Adidas Sold a Million Shoes Made of Ocean Plastic
In 2015, the German sportswear giant partnered with Parley for the Oceans, an environmental initiative addressing major threats to the world's oceans, to develop products made from recycled marine plastic. After much anticipation, they introduced three versions of the UltraBoost shoe last year.
"We last year sold 1 million shoes made out of ocean plastic," Rorsted told CNBC on Wednesday.
Each pair uses an average of 11 plastic bottles and incorporates recycled plastic into the laces, heel webbing, heel lining and sock liner covers.
In 2016, the company pledged to phase out plastic bags in its 2,900 retail stores around the world, saving 70 million plastic shopping bags by switching to paper bags in its stores.
In another sign that Adidas is ramping up its commitment to sustainability, attendees at the SXSW conference in Houston this week heard Eric Liedtke, the head of Global Brands, saying that Adidas wants to produce all of its products—from footwear to apparel—out of recycled plastic from the ocean by 2024.
"Adidas moonshot is to genuinely only use ocean plastics for our products by 2024..." @LiedtkeEric "People don't bu… https://t.co/hKkmgk1PVl— Monty Hamilton (@Monty Hamilton)1520894051.0
- Most Meat Will Be Plant-Based or Lab-Grown in 20 Years, Analysts ... ›
- Lab-Grown Meat Debate Overlooks Cows' Range of Use Worldwide ... ›
- Will Plant-Based Meat Become the New Fast Food? - EcoWatch ›
EcoWatch Daily Newsletter
One city in New Zealand knows what its priorities are.
Dunedin, the second largest city on New Zealand's South Island, has closed a popular road to protect a mother sea lion and her pup, The Guardian reported.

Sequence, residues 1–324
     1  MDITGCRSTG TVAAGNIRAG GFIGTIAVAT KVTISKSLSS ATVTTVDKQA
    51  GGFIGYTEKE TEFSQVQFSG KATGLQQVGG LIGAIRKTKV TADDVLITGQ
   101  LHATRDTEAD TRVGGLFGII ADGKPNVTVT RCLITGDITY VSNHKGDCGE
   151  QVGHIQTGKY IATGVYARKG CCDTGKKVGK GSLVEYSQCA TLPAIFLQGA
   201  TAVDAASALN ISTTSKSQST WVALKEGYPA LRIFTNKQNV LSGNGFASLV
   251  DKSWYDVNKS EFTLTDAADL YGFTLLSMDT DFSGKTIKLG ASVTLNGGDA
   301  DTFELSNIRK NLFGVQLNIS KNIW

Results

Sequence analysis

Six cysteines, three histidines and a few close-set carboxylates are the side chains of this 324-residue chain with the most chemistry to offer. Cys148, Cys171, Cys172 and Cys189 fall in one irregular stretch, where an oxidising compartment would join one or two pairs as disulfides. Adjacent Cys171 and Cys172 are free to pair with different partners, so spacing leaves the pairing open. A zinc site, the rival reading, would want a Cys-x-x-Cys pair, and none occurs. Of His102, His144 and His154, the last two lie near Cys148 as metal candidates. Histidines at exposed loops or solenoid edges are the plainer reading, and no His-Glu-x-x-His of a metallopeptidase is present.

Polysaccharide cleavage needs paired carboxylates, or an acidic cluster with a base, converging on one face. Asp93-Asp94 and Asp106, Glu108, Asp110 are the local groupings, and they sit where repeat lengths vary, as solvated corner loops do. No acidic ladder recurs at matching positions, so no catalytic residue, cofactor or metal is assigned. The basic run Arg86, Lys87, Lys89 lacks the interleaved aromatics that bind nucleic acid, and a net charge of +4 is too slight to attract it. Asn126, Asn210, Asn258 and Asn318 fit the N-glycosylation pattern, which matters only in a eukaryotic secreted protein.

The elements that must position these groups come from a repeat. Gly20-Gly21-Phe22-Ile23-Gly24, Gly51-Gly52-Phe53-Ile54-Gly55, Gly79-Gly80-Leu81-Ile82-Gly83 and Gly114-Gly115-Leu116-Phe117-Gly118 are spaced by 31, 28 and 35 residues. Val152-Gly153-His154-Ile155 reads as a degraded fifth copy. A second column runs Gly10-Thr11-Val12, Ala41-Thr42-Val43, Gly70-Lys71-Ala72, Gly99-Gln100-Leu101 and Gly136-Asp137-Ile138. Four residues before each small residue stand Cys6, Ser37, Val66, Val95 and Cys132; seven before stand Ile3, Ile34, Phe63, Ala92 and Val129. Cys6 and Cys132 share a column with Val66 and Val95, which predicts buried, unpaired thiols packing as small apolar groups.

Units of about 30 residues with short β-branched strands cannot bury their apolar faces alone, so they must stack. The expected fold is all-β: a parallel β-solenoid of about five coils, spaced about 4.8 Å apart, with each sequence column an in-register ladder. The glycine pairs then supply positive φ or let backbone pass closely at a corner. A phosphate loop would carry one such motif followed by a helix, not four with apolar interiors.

piyaset / iStock / Getty Images Plus
- No Country Is Protecting Children's Health, Major Study Finds ... ›
- 'Every Child Born Today Will Be Profoundly Affected by Climate ... ›
By Jeff Masters, Ph.D.
Earth had its second-warmest year on record in 2020, just 0.02 degrees Celsius (0.04°F) behind the record set in 2016, and 0.98 degrees Celsius (1.76°F) above the 20th-century average, NOAA reported January 14.
Figure 1. Departure of temperature from average for 2020, the second-warmest year the globe has seen since record-keeping began in 1880, according to NOAA. Record-high annual temperatures over land and ocean surfaces were measured across parts of Europe, Asia, southern North America, South America, and across parts of the Atlantic, Indian, and Pacific oceans. No land or ocean areas were record cold for the year. NOAA National Centers for Environmental Information
Figure 2. Total ocean heat content (OHC) in the top 2000 meters from 1958-2020. Cheng et al., Upper Ocean Temperatures Hit Record High in 2020, Advances in Atmospheric Sciences
Figure 3. Departure of sea surface temperature from average in the benchmark Niño 3.4 region of the eastern tropical Pacific (5°N-5°S, 170°W-120°W). Sea surface temperature were approximately one degree Celsius below average over the past month, characteristic of moderate La Niña conditions. Tropical Tidbits
- NASA and NOAA: Last Decade Was the Hottest on Record - EcoWatch ›
- Earth Just Had Its Hottest September Ever Recorded, NOAA Says ... ›
In December of 1924, the heads of all the major lightbulb manufacturers across the world met in Geneva to concoct a sinister plan. Their talks outlined limits on how long all of their lightbulbs would last. The idea is that if their bulbs failed quickly customers would have to buy more of their product. In this video, we're going to unpack this idea of purposefully creating inferior products to drive sales, a symptom of late-stage capitalism that has since been coined planned obsolescence. And as we'll see, this obsolescence can have drastic consequences on our wallets, waste streams, and even our climate.
- Consumer Society No Longer Serves Our Needs - EcoWatch ›
- Electronic Waste: New EU Rules Target Throwaway Culture ... ›